Kaigelu 316

The Chinese have not been producing fountain pens for as long as the Japanese, but have had a big impact on the market, mainly because they are able to sell their pens at almost unbelievably low prices. But it would be wrong to write off all Chinese pens as being, cheap, nasty and ‘Chinese copies’ of better brands. After all, many long established western pen brands have outsourced manufacture to China. Furthermore, producing designs which are broadly similar to existing brands is not new or confined to the Chinese. After Parker launched the famous Parker 51, many others followed the trend for ‘shielded nibs’. As has been noted in the Japanese section, many Japanese pens adopt similar shapes to European brands, such as the ubiquitous ‘cigar-shaped’ pen. As they say, “Imitation is the sincerest form of flattery”.

The Chinese pen market can be classified into the following broad types:

  1. Outsourced supply to western pen makers
  2. Original designs
  3. Pens following established design types
  4. Very close copies of other specific pens
  5. Outright fakes, designed to deceive

So why can China produce pens at such low prices? Experts who have studied the Chinese economy have concluded that it is not just a simple case of mass production combined with low labour rates and a favourable exchange rate. What adds to the equation is that the Chinese state subsidises many of the inputs required by its various industries, in particular raw materials such as metal and electricity needed for manufacture. This policy was not adopted to make fountain pens cheap, but this market benefits along with the more economically important ones. Ultimately this means that in this case, western buyers of ‘luxury items’ are being subsidised by the generality of Chinese tax payers, which may not make for good economics.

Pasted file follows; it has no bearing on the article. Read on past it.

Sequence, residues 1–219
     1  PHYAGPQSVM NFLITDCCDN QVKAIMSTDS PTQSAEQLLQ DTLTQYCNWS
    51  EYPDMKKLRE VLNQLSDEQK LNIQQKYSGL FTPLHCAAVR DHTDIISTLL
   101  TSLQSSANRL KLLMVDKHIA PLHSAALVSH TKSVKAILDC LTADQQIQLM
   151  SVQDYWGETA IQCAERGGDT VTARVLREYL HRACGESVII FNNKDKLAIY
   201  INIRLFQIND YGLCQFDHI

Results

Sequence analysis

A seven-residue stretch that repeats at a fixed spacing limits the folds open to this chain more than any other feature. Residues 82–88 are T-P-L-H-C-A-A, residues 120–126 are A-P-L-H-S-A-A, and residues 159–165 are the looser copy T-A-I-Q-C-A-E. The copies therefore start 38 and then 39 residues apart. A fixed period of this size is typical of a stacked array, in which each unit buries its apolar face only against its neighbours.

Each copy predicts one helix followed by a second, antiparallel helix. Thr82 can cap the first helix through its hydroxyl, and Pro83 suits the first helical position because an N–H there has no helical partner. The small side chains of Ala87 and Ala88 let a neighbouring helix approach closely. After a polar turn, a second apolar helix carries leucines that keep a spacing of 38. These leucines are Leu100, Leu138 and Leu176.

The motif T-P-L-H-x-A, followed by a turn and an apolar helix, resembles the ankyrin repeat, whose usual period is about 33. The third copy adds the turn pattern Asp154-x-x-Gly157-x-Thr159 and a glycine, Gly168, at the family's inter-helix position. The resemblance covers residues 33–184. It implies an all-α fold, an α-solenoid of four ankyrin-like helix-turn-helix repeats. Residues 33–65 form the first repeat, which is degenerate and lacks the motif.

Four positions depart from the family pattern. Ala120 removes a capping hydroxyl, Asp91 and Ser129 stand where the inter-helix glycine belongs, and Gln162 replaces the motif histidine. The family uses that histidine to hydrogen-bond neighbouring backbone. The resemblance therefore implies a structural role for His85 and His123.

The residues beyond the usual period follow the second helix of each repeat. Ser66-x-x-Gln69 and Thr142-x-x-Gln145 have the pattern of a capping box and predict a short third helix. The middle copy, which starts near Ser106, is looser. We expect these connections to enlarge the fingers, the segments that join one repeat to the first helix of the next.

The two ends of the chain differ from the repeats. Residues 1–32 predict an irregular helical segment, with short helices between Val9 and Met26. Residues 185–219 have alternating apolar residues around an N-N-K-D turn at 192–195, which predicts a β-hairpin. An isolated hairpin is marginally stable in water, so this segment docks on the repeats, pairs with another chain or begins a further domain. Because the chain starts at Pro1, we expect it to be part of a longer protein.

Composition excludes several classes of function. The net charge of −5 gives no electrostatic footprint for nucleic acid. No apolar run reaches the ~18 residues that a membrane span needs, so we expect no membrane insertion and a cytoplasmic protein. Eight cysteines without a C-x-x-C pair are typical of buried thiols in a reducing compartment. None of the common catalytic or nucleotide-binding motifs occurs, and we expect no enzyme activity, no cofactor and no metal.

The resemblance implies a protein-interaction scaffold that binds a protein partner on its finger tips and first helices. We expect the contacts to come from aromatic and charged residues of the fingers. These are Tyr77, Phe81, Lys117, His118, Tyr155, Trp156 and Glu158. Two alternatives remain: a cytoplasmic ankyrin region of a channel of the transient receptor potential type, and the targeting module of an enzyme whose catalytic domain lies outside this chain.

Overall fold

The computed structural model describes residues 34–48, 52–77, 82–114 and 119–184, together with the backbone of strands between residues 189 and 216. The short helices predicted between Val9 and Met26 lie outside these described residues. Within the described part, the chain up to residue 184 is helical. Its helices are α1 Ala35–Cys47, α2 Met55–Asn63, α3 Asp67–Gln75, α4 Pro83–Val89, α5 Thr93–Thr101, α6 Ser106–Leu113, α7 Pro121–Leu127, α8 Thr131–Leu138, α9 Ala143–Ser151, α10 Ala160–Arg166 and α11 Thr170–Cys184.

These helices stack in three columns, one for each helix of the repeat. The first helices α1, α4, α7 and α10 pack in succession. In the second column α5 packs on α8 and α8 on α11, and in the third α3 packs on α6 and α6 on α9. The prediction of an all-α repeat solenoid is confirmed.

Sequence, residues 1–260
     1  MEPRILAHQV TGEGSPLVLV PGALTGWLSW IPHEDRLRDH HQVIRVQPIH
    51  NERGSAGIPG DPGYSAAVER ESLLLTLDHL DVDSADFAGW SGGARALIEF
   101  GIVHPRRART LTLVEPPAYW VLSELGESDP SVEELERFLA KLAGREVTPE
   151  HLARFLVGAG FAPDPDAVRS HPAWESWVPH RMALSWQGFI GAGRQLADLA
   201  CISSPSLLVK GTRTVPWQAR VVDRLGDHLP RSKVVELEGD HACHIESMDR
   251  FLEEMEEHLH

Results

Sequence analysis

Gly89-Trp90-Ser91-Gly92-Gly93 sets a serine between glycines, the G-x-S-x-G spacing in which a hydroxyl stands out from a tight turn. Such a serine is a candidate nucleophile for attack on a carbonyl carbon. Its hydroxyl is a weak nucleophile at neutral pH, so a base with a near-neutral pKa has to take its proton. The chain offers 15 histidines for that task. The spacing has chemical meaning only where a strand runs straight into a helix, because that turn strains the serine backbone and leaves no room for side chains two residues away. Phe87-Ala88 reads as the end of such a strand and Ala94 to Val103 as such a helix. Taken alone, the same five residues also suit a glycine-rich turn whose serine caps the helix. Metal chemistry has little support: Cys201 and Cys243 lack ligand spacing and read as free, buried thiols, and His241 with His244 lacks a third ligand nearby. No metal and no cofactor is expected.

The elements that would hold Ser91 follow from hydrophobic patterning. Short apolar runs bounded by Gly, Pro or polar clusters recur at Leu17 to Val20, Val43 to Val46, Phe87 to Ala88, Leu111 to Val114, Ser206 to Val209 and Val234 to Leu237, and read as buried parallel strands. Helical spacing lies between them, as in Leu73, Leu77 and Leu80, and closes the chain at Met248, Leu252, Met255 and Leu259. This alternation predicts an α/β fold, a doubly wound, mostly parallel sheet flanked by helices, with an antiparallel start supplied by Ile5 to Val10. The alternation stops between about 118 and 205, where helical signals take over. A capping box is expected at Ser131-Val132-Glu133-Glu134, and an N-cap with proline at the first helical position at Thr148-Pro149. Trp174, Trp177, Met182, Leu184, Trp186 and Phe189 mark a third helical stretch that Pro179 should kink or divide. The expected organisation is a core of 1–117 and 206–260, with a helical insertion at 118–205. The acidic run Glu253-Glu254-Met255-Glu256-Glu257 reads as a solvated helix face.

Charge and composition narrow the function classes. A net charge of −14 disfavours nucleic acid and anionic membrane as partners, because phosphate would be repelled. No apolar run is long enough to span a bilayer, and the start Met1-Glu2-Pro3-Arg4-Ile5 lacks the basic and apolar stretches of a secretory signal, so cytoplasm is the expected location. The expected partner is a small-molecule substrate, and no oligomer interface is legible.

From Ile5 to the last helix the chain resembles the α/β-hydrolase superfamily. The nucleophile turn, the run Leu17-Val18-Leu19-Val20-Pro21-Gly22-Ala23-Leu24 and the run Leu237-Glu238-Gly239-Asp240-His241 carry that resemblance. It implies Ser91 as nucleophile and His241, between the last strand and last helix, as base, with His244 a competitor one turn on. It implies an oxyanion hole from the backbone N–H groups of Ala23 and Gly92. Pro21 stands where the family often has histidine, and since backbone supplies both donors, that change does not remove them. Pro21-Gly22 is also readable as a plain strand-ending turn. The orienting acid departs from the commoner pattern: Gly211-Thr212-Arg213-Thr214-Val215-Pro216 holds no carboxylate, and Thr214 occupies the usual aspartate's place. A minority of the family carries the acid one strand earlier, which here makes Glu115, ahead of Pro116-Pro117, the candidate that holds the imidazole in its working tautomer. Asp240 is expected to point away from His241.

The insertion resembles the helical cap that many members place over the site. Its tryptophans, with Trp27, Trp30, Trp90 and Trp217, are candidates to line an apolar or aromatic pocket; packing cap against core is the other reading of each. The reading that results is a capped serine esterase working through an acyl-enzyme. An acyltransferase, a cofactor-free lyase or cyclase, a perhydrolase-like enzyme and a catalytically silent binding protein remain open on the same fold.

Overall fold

It is has been noted by many that even the cheaper Chinese pens can deliver surprisingly good quality, but not always. If the Chinese cut corners, it seems to be in quality control, so buying Chinese pens can be a lottery. Luckily, in many cases, it is possible to replace poor Chinese nibs with quality nibs from Germany. It is best to avoid gold plating, as it is likely to be very thin and wear off easily. Some acrylic pen bodies can develop hair line cracks and this can cause leaks if the pen is a piston or vacuum filler, or an eye-dropper model. On the other hand, some Chinese makers have produced designs in acrylic resin bodies just as attractive as pens from elsewhere.